Let’s Look at an Obvious Example

To better illustrate the concept of depth of field, let’s take a look at an example that makes things rather obvious. Consider this image of a kiwi.

Image of kiwi with extremely shallow depth of field.

Notice how only a very small portion of this image is in focus while the rest is out of focus? That’s what we’re talking about when we say depth of field. This image has a shallow depth of field, meaning that there is only a small portion of it in focus.

Now a More Subtle Example

The previous example of depth of field was quite obvious and the differences between the in focus and out of focus areas were dramatic. The differences aren’t always this distinct. Let’s take a moment to consider a more subtle example.

This first example shows what is known as a deep (or large) depth of field. Notice how everything in the image, from the foreground all the way through the background, is in focus. 

Garland Bend, Kentucky.
Garland Bend in Kentucky – Large Depth of Field – Shot at f/13

Now take a look at this second example, which shows a shallow depth of field. Notice how the foreground is in focus (sharp), but the background is out of focus (soft).

Example of shallow depth of field.
Shallow Depth of Field – Shot at f/4

The Focal Point Affects Depth of Field

We’ve now seen how the aperture can affect the depth of field in an image, but the focal point can also affect depth of field. 

I typically use single point autofocus for my landscape photography. This allows me to manually select the point in the image that I want the camera to focus on. This way I have control over where in the image the focal point is. 

Why does this matter? Because, as we move the focal point, we move the entire focal plane. This changes the depth of field of the image. 

Your goal as a photographer is to select the correct combination of focal point location and f-stop value to achieve your desired depth of field within the image. This is a skill that takes a lot of practice to master, but we’ll discuss some tips on how to do this later on in this tutorial.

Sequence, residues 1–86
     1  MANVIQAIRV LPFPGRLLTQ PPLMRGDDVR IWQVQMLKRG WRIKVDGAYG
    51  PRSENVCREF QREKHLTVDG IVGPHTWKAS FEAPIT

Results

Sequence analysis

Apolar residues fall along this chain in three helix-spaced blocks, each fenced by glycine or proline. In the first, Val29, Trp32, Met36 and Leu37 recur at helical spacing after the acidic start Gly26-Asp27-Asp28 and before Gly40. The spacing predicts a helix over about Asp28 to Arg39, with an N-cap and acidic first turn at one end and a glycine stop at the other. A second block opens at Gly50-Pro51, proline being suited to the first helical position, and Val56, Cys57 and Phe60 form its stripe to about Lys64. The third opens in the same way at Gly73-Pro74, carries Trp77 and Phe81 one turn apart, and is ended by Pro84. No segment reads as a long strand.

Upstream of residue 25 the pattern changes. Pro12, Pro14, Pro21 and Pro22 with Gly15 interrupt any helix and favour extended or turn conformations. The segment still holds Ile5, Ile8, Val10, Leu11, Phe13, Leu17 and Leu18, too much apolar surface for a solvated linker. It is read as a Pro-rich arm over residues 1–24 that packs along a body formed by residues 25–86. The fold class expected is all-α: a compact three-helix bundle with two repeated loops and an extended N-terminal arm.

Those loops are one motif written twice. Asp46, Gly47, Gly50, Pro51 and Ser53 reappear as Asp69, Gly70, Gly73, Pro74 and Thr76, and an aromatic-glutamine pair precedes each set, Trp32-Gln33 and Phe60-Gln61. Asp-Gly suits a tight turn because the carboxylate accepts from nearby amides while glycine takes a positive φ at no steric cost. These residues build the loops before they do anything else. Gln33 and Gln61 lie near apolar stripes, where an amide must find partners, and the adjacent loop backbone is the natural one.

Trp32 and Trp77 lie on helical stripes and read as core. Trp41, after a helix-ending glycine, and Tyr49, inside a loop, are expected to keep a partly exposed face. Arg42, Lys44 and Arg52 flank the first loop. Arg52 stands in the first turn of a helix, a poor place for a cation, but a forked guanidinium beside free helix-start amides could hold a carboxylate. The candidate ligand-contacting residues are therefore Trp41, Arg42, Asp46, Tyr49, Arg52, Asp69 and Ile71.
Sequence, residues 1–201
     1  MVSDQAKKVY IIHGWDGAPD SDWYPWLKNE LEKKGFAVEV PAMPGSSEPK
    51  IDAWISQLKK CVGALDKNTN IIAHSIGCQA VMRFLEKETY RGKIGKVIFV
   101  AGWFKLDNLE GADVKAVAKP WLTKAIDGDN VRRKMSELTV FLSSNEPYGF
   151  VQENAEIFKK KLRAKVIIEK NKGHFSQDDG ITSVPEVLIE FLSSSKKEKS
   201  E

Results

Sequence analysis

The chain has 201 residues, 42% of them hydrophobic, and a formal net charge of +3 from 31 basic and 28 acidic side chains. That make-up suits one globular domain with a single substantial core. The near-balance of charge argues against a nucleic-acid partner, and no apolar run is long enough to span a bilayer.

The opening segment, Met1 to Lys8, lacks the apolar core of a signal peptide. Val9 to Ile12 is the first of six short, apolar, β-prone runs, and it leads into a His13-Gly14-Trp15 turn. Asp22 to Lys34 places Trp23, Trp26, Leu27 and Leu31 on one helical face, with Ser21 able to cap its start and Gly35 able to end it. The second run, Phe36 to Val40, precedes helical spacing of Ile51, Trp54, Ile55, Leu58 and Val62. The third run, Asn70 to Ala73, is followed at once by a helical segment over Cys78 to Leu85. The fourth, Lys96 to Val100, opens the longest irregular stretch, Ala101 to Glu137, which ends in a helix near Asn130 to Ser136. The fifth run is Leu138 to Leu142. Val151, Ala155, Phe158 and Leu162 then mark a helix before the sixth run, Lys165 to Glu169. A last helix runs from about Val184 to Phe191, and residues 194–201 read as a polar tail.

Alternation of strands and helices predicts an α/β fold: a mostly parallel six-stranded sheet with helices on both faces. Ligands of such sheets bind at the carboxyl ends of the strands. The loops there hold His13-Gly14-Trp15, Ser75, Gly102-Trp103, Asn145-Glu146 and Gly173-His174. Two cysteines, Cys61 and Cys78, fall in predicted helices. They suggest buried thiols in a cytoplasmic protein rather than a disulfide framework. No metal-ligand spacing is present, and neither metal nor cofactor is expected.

The Focal Length Affects the Depth of Field

In addition to the f-stop value and focal point location, the focal length also affects the depth of field in an image. In general, the following rules describe how the focal length affects the depth of field of an image:


  • Longer focal lengths result in a shallower depth of field
  • Shorter focal lengths result in a deeper depth of field

The difference in depth of field for wider and standard lenses is much less noticeable than it is with long lenses. As you get to longer focal lengths (especially those in excess of 200mm), the difference in depth of field becomes more and more noticeable. 

How Much Do These Attributes Affect DOF?

So, we’ve now seen that the depth of field in our images is affected by:

  • The f-stop value we choose
  • The focal length we shoot at
  • Where we place the focal point in an image

At this stage, it would now be reasonable to question just how much all of these affect the depth of field. Unfortunately, however, there is no easy answer to this. 

This is one of those areas where experience comes into play. The absolute best way to master these skills is to practice them. And remember, don’t be afraid to experiment! It’s how each and every one of us has learned the craft of photography!

With that being said, let’s take a look at how we can make an educated decision on how to adjust these attributes. 

Making Creative use of Your F-stop Value

Choosing what f-stop value to choose for your aperture when taking an image is largely a personal, creative decision (though it also comes into play when calculating the exposure). 

What we need to consider when making this creative decision is the effect to the depth of field of the image. So, let’s take a look at how small, medium and large f-stop numbers affect our depth of field.